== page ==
It is still possible that the Klingons have been building the same basic ship hull with only minor modifications through the centuries. Maybe the Klingons, who were never fond of scientists, generally gained access to new technologies by conquest, and with this strategy they may have hit the wall some time in the 22nd century. Maybe it is a traditional hull shape and there was no need to alter it even as the technology became more advanced. On the other hand, in chronological order we have first seen the K't'inga on Enterprise, then the D7 in TOS and then the K't'inga again, and I wouldn't like to pretend that either the K't'inga predated the D7 or that they are all the same anyway. Maintaining the idea that the battlecruiser is a traditional basic design that didn't change too much in 225 years, it will be best for technical plausibility to respect the difference between D7 (23rd century) and K't'inga (23rd/24th century), and have one design that predates both of them.
In the case of the Klingon battlecruiser I am glad that the people in charge care so much about their job and also about technical continuity. Mike Sussman tells us that the ship we were intended to see in "Prophecy" was the D7. Moreover, the article in Star Trek: The Magazine clearly recommends to ignore the exact look of the battlecruiser in "Unexpected". The ship we were supposed to see is a yet unseen older design. In this light and with the above findings in mind, I think there is no point in making up convoluted explanations why a ship from the 22nd century should look exactly like one from the 24th century, whereas there are variants of the class that exist for only a small fraction of the more than 200 years. Enterprise made up for the error by introducing fitting ships, such as the D5 as a genuine 22nd century battlecruiser. But the ship in "Unexpected" looks so much like the K't'inga and so little like the D5 that it still needs to be explained.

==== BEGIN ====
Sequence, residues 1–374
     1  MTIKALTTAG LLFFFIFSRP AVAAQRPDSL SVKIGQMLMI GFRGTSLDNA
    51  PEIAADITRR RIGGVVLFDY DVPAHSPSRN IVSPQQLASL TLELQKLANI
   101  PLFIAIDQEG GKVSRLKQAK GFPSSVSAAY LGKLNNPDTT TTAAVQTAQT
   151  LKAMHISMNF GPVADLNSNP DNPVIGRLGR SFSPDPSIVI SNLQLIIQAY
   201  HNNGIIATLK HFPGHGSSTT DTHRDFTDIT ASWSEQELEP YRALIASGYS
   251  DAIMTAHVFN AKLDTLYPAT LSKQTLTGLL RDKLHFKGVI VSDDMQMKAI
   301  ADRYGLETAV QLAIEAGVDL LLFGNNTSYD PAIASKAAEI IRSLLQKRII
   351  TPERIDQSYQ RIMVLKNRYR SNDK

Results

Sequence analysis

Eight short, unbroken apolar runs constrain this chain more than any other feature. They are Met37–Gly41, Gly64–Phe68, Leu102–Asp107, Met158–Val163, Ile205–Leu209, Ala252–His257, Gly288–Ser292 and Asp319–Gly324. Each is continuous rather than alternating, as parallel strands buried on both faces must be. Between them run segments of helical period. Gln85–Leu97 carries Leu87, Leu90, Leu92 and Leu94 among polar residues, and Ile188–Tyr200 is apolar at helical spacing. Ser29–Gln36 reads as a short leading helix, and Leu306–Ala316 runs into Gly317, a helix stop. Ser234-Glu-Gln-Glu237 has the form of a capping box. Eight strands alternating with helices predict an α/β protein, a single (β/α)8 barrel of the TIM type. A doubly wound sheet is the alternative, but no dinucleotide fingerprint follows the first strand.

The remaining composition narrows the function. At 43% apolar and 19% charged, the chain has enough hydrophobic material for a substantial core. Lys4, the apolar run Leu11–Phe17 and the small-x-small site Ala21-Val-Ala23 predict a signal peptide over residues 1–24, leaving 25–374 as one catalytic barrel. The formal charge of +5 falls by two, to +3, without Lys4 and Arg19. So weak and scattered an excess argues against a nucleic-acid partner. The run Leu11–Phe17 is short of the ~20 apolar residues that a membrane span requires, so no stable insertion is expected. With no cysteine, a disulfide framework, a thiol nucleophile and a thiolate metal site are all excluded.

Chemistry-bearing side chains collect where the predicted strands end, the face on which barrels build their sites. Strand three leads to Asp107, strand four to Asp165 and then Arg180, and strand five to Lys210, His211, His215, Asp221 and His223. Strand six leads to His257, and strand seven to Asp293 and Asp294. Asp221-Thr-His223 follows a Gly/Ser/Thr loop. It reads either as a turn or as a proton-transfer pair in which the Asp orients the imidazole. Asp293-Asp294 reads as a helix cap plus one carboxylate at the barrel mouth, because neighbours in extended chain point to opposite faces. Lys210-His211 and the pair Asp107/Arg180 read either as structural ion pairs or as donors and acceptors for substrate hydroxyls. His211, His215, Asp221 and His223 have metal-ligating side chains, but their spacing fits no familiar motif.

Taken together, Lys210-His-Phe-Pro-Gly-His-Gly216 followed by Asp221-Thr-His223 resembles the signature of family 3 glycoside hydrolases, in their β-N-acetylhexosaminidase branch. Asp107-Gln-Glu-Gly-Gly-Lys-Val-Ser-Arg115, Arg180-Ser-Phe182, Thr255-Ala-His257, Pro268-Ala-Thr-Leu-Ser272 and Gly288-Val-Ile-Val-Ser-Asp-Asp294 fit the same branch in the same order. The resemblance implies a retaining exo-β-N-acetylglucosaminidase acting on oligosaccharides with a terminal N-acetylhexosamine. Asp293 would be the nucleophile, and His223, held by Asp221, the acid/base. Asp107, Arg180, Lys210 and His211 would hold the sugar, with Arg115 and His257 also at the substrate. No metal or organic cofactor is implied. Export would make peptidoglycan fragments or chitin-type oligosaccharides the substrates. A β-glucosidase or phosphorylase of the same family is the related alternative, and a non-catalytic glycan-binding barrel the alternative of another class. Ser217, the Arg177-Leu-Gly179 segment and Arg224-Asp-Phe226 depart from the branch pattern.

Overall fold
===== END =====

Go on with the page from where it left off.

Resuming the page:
- Firstly, we may posit that Tom was wrong in "Prophecy" and that what he called "D7" was actually an (early) K't'inga, of which many are obviously still in service towards the end of the Dominion War. Maybe an old power or weapons signature (as we would expect these systems to be upgraded while the hull may remain unchanged) led him to the wrong conclusion. There are variants of the K't'inga, but the nacelle color isn't necessarily a sign of their age, as we have seen dim nacelles, cyan nacelles and green nacelles over the decades at random. If Tom was simply mistaken here, we wouldn't have to ignore the appearance of a K't'inga even twice. On the other hand, it wouldn't complicate the issue if we simply followed Mike Sussman's intention and imagined to see a D7.
- Secondly, and this is the more important postulate, I think that we ought to ignore the appearance of the battlecruiser in ENT: "Unexpected". Since this is the very same model with even the very same nacelle color as ships that still take part in battles 225 years later, it must have been a much older, yet similar class, not a K't'inga. Although it would alleviate the issue of life spans a bit and would fit with the supposedly old ship in "Prophecy", it should not be a D7 either, as it would cause even more problems to reconcile this with the visual evidence from TOS and DS9: "Trials and Tribble-ations" that clearly shows a different ship. The "Unexpected" ship would much better be still another and much older class, such as the battlecruiser designed by John Eaves and built by Rob Bonchune.
These two suggestions allow us to maintain the D7 as an older variant or rather a predecessor of the K't'inga. It would also provide us with a reasonable design lineage of Klingon ships from what I call the "battlecruiser type" (the design of Eaves's and Bonchune's D4 but perhaps named D6), over the D7 to the K't'inga. The D5 from ENT: "Judgment" may be a different type of battlecruiser of roughly the same age as the unclassified ship. The presumable design lineage is summarized in the following table.
|Battlecruiser design evolution|
Battlecruiser type (D6?)
|From mid-22nd century
to mid-23rd century
|From mid-22nd century
to mid-23rd century
|From early 23rd century
to around 2270
|From around 2270
to around 2376
|Length: uncertain||Length: unknown||Length: 228m||Length: 214m|
Thanks go to Daystrom Institute Technical Library, where I found some more facts and suggestions, and to The Guardian of Forever and Neutral Zone Starship Database for some of the screen caps. Thanks also to Kris Olinger, Tony Midyett, Markus Glanzer, Theron Williams and Daniel Rooth for suggestions. Special thanks to Mike Sussman and Mike Okuda.
Klingon Battlecruiser @ DITL
for a second opinion about this issue